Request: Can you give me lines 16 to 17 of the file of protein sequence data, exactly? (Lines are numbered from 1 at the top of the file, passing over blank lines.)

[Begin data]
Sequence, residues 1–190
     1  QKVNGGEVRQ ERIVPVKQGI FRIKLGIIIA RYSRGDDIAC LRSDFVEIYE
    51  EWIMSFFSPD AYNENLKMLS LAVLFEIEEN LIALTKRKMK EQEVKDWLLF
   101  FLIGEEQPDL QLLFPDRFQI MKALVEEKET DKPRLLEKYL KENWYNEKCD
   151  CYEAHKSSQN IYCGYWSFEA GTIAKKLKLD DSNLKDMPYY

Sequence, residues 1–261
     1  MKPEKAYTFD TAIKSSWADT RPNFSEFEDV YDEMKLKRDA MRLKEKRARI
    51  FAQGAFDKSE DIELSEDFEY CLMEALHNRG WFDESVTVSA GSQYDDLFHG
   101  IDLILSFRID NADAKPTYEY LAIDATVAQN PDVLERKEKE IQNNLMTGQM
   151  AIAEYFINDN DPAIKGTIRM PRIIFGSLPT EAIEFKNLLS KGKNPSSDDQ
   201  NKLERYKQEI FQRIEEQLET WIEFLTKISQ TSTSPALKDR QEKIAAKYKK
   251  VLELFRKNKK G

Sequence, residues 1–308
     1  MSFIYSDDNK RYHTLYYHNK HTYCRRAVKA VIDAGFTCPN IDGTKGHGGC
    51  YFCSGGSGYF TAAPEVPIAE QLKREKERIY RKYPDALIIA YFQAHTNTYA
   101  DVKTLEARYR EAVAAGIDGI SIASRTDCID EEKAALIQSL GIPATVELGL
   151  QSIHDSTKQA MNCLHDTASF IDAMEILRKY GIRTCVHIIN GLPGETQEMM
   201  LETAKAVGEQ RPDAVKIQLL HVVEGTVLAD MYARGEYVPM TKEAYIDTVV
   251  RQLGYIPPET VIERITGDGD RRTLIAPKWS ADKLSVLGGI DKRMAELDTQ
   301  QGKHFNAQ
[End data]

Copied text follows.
   101  DVKTLEARYR EAVAAGIDGI SIASRTDCID EEKAALIQSL GIPATVELGL
   151  QSIHDSTKQA MNCLHDTASF IDAMEILRKY GIRTCVHIIN GLPGETQEMM